I have had a few episodes get to the stupid stage (not enough brain power left to feed myself sugar) and only a couple got far enough to require medical intervention. It is not an experience I want to repeat (for myself, or the people around me that I scared spitless!), so it should be pretty obvious why I make a lot of effort to stay away from that extreme.

But like I said it is a balancing act. Picture it as a road, with a very narrow but windy path - say, barely as wide as the width of your foot. On one side is a cliff that falls millions of stories to certain death. On the other are some really sharp, nasty rocks covered with dirt and germs and crap. Now walk this blindfolded. Obviously, you want to stay on the path, but if you have to step off, even if the rocks are gonna hurt, it's gotta be better than certain death.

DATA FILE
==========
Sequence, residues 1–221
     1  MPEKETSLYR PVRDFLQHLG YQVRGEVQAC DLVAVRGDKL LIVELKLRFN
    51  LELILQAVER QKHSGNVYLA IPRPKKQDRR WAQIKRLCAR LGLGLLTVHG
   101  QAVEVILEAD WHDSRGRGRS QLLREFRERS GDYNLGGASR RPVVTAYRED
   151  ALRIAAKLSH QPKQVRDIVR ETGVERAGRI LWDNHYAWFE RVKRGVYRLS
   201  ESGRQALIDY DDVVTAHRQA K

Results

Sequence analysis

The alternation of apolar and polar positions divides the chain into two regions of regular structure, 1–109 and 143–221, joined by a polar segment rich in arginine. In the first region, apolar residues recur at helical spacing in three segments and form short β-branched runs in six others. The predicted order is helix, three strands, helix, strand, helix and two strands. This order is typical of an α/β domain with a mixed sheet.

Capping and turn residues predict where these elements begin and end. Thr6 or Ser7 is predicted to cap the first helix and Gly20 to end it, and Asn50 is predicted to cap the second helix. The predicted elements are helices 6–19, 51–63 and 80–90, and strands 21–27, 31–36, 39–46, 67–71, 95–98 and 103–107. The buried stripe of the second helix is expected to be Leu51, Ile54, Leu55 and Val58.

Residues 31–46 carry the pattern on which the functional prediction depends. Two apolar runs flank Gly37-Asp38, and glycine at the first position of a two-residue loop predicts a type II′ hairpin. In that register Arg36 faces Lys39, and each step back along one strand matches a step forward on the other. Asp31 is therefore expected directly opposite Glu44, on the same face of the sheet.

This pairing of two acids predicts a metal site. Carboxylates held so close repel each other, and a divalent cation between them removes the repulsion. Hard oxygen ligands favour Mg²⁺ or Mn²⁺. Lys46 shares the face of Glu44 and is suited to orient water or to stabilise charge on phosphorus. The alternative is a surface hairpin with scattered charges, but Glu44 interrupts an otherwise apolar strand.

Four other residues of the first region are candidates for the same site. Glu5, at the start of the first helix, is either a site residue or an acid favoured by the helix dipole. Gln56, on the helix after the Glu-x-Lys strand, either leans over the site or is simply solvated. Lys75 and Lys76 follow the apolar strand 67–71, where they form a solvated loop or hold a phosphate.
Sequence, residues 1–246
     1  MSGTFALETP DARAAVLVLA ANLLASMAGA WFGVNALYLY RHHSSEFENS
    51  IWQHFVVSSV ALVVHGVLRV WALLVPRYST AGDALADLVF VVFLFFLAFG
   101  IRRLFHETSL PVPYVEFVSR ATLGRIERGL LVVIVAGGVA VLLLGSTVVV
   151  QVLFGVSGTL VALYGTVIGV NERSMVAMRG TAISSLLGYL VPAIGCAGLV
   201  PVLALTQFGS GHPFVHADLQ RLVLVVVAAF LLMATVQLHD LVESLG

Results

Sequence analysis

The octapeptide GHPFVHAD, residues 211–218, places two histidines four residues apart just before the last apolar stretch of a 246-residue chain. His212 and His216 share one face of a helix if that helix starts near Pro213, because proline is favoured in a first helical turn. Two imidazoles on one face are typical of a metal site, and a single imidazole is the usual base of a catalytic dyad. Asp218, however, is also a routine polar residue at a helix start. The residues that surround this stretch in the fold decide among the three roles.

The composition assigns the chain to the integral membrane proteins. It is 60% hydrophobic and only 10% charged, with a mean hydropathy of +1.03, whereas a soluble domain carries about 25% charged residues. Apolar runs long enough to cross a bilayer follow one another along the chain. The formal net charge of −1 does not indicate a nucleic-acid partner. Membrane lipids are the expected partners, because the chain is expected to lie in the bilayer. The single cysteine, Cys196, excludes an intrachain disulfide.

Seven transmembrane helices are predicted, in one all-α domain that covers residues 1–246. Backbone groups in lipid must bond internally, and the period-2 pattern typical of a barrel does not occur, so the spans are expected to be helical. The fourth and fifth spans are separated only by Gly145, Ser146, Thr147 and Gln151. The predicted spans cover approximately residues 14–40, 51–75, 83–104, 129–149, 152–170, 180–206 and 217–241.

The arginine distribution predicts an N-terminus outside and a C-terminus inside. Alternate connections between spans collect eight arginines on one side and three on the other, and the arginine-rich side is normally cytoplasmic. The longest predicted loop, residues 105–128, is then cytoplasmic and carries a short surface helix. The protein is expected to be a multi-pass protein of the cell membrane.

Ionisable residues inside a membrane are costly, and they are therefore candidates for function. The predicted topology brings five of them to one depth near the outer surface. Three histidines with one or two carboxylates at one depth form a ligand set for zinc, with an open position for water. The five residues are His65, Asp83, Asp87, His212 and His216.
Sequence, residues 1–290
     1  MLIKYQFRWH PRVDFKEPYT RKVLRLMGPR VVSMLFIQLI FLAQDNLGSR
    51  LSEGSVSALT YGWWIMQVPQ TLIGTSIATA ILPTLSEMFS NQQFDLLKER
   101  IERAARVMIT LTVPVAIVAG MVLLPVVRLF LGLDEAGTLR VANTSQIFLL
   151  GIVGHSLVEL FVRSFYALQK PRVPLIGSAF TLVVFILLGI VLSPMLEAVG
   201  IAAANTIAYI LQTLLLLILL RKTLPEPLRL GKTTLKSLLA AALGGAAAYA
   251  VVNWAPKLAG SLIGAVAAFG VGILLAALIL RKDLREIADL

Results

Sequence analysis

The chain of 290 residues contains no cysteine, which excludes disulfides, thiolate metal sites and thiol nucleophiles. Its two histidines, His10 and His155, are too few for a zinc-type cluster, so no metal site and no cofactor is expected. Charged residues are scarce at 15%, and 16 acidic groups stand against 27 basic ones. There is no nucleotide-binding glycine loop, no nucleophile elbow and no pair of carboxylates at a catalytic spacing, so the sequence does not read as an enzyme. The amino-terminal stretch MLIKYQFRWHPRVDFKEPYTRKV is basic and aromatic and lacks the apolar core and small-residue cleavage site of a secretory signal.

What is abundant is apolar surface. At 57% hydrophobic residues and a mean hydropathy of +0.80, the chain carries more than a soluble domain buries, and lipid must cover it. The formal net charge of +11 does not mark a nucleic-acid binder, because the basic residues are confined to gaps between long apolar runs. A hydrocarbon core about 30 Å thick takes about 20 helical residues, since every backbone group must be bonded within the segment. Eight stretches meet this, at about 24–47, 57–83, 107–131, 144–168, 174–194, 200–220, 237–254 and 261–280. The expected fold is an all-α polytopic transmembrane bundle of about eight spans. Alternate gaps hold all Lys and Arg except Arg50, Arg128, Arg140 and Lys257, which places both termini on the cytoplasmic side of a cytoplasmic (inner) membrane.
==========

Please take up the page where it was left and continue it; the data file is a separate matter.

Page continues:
If it was a straight road, it would be easier right? But that's the other fun (hear my sarcasm here) part about diabetes. Besides the fact that it can be very difficult to calculate the amount of sugar (carbohydrates) a given food contains, it's not just a direct relationship between the food you eat and the insulin you need. There are a million other factors that can bump it one way or another, and they are all invisible. More exercise usually lowers the amount of insulin needed. But then occasionally vigorous exercise can cause the body to excrete extra sugar it had stored in the liver. Alcohol? Can make the insulin work better than normal, or might just boost blood sugar because of the extra carbs it usually contains. Stress? Can cause sugar to either raise or lower. Illness? Can also cause problems, but you guessed it - may push the sugars either direction. Hormones? Insulin will work better or worse depending on a woman's time of the month.

It's complicated, and occasionally frustrating, depressing and infuriating. But I have no choice, so I have to keep playing even if the game is rigged.

That's enough of a lesson today class. I've probably bored to tears anyone who stumbled across this post. Anyway, thanks for reading.